The Color of Lightning

The Color of Lightning

A Novel

Book - 2009
Average Rating:
5
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At the end of the Civil War, Britt Johnson, a freed black man, travels with his family from Kentucky to start a new life in Texas. But this wild country holds dangers of its own. When his wife and children are captured during an Indian raid, Britt vows to bring them home or die trying. But his determination and courage quickly land him in the thick of a battle he wants no part of--the struggle between the U.S. government and the Kiowa and Comanche tribes, whose land, freedom and culture are threatened.

    Paulette Jiles, winner of the Canadian Authors Association Award, the Governor General's Award and the Rogers Writers' Trust Fiction Prize, returns with a story that is grounded in history but that echoes the classic myths. Powerful and nuanced, by turns as beautiful and unforgiving as the frontier itself, The Colour of Lightning is an ambitious and striking novel that confirms Jiles as one of Canada's finest writers.

 

 

Publisher: New York : William Morrow, 2009
ISBN: 9781554683178
9780061690440
Branch Call Number: JILE
Characteristics: 349 p. : map

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h
hecto
Jul 31, 2017

This is the prequel to 'News of the World', and it displays the same outstanding qualities of the latter book: the author's exceptional ability to describe the natural world and the material culture of both Indian peoples and white settlers along the Texas frontier. As with 'News', the well-crafted story focuses on the recovery and return of white captives; but the message here is clearer and broader. We are made witness to a collision of civilizations that no 'enlightened policy' can prevent from running its inevitable course. The Kiowa and Comanche are going to go down fighting for their way of life because it is the right thing for them to do - indeed the only thing. In the author's sure hand these men and women are brave , joyful, clever, generous - but also gratuitously violent and cruel, with little capacity for empathy. The balance that she strikes in character description is really admirable. These are flesh-and-blood Indians, not Rousseauian children of Nature. Yes, they have been dispossessed by the whites, who are guilty of mass violence as well - something that Jiles makes abundantly clear throughout her narrative. But her ability to portray this clash as a 'fateful' encounter, a true tragedy, is what makes this a superior book - and a darn good read as well.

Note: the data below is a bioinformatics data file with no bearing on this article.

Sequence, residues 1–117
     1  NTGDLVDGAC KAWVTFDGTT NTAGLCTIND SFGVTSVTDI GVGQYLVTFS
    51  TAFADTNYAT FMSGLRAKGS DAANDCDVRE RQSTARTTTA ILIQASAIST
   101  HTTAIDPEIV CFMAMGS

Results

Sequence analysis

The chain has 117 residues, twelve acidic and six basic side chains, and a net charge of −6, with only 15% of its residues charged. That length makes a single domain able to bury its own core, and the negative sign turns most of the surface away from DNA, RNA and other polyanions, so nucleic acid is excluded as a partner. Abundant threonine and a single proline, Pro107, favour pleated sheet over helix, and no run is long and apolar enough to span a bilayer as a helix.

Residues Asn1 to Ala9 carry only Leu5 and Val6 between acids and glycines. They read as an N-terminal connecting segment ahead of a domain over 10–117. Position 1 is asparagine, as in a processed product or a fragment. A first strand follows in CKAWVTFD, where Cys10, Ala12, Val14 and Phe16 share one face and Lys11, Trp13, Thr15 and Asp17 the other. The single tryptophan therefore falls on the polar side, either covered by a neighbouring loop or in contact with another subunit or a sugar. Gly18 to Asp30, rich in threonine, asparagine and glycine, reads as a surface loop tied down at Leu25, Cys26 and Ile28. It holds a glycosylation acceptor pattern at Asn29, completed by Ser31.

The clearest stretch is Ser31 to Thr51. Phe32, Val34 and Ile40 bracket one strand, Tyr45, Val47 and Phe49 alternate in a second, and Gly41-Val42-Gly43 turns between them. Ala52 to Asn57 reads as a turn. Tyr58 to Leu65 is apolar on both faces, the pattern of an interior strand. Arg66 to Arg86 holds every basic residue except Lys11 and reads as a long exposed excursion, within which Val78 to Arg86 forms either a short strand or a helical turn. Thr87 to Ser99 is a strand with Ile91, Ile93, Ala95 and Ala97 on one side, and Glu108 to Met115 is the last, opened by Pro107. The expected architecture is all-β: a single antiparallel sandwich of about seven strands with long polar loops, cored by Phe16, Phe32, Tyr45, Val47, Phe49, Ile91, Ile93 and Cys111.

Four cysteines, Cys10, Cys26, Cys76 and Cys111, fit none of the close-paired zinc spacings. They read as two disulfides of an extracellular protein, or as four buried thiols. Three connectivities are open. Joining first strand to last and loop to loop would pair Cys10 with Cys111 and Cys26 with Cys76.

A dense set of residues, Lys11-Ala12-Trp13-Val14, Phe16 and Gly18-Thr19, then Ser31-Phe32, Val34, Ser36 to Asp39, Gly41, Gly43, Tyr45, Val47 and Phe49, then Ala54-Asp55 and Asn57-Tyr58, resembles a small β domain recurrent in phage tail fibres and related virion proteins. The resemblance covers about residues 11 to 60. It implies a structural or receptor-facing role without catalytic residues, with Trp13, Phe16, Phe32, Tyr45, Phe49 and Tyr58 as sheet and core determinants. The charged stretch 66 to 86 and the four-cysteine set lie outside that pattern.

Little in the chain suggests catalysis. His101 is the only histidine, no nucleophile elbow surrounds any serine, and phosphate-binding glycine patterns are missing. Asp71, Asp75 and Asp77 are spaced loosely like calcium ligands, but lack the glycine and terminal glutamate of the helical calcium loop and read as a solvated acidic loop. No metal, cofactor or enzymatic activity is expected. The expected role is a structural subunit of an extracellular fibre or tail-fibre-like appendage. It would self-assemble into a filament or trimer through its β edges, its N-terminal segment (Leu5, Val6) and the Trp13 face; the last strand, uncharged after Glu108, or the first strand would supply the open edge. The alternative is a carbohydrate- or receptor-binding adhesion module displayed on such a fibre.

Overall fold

a
anndubois1
Jun 22, 2017

Well written story based on actual references to events in the life of Britt Johnson, a freed slave who brought his wife and 3 children to Elm Creek, Texas in 1863. This is the story of the ongoing battle between the settlers who pushed into Indian Territory and the clash of cultures as the Indians continued their long standing tradition of nomadic life, raids for horses and slaves and brutal treatment of those they chose not to enslave.

m
miaone
Dec 06, 2016

It's probably worth more stars but I can't read something that I think is going to have murder and mayhem in it. It started off beautifully, but the dark clouds started forming and I was out.
Yeah, wimpish, but nowadays I want to read something that won't throw me into despair.

e
EmilyEm
Nov 26, 2016

Jiles fictional account of real-life Britt Johnson’s efforts at restitution of family and neighbors kidnapped by raiding Cheyenne and Kiowa in post-Civil War Texas is fascinating.

I liked that her characters were realistic and not stereotypes. Britt Johnson’s efforts to run his business and Samuel Hammond’s efforts as the Quaker Indian agent added authenticity and pathos to this tale. Good historical fiction.

k
KSerá
Jul 23, 2013

Hauntingly beautiful and suspenseful.

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